Mapping the Value of Archaeological Archives in Museums

Samantha Paul

Research output: Contribution to conference (unpublished)Paper


It is widely believed that the archives that result from commercial archaeological interventions are important heritage assets, though there is little in the way of research to support this assumption. Professional archaeologists focus on the storage crisis, the potential loss of important material and the cost of curation, rather than what value these archives actually hold in the present and for the future despite the fact that this has direct relevance in terms of policies relating to acquisition and discard. While archaeologists debate these issues, they are not the ultimate custodians of this material and often those that are (namely museums) have no say in what we expect them to be responsible for.

As a direct result of the current space crisis within museums, not only the value but also the very existence of these archives is being questioned by the institutions which hold them. One published view is that ‘archaeological archives are not worth the space and time they take up within museum stores’ (Swain 1998). Current projects within museums aim to address the issue through the reduction of the archaeological archives they hold. The varied approaches to these reviews have led to a situation where certain elements of the archive are ‘legitimised’ by being accessioned into the museum’s collections while other aspects are effectively thrown away. But how are these decisions being made and what are the implications on how archaeological archives are created in the future?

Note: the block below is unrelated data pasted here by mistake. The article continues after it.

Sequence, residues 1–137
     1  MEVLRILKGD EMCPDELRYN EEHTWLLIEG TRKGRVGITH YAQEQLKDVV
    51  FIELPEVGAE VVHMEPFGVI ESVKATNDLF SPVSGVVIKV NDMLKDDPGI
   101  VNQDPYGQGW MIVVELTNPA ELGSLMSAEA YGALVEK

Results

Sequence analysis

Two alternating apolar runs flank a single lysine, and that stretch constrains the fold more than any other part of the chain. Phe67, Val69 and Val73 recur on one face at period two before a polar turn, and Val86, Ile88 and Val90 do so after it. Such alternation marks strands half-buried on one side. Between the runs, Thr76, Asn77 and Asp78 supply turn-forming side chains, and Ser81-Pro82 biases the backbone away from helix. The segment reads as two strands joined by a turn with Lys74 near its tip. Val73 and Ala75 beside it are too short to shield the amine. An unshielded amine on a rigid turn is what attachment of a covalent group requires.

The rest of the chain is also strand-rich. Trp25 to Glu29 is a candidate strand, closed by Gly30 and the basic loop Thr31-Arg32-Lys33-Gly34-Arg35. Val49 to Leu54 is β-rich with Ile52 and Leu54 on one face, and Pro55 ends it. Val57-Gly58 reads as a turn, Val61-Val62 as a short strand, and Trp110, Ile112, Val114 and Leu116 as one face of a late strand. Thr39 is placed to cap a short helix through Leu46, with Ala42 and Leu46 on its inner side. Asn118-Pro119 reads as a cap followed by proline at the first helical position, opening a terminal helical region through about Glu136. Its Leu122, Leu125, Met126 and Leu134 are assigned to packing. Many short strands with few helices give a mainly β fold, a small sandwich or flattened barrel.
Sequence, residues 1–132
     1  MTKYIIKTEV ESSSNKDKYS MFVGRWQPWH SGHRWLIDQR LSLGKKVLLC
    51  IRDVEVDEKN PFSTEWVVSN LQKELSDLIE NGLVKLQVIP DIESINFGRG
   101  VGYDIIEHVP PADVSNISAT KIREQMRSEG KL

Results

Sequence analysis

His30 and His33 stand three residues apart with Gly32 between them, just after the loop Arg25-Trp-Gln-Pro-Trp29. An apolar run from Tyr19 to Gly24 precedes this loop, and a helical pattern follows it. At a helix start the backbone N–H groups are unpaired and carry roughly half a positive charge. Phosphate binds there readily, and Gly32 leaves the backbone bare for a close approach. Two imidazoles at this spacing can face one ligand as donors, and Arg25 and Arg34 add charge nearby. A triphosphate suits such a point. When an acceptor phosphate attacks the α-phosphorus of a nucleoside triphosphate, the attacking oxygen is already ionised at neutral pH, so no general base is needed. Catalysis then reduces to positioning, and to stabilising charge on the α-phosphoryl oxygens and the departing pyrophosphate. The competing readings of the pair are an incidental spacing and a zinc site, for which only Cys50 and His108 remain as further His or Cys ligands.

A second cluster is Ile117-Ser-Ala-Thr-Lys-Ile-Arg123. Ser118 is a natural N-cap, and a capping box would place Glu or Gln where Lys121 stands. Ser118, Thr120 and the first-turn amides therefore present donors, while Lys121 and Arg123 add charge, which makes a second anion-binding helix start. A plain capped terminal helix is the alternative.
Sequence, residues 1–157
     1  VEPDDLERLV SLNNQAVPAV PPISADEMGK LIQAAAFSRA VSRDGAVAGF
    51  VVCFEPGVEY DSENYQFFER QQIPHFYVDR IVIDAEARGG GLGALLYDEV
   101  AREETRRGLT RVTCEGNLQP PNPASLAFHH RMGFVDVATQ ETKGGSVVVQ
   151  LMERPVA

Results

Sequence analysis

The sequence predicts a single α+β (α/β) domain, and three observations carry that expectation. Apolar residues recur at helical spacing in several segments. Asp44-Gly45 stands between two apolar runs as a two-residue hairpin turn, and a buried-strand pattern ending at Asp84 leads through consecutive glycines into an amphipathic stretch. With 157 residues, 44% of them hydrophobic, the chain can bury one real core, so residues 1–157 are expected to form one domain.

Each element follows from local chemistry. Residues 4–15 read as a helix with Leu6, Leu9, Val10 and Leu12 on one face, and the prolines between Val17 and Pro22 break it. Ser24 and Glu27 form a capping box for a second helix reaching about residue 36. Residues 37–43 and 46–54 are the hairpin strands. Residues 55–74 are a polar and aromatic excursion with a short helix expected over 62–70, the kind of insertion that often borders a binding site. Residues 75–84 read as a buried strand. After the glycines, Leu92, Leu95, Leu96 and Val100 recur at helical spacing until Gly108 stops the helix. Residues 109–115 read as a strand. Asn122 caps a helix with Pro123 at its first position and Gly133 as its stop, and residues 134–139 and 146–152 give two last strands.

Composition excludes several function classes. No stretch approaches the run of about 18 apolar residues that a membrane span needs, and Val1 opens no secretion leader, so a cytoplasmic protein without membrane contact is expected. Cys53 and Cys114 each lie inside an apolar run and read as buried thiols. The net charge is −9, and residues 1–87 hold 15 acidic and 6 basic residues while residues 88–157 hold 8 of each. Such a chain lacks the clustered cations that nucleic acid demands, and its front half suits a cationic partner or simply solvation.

Through presentation of a case studies this paper will explore the process of valorisation leading to the de-accessioning of archaeological archives within museums. Understanding this process of valorisation has the potential to inform the entire notion of archaeological archive generation, from decisions around the initial creation of the archive following fieldwork, through to the question of where archaeological archives should be deposited. The paper will begin to highlight some of the moments when value judgements could be applied throughout this process.

Swain, H. (1998) A Survey of Archaeological Archives in England. London. Museums and galleries commission.
Original languageEnglish
Publication statusPublished - 2016
EventSociety of Museum Archaeology Conference 2015 - The Great North Museum, Newcastle, United Kingdom
Duration: 11 Nov 201512 Nov 2015


ConferenceSociety of Museum Archaeology Conference 2015
Country/TerritoryUnited Kingdom


  • museums
  • collections
  • value
  • Sustainability
  • selection
  • discard
  • de-accessioning


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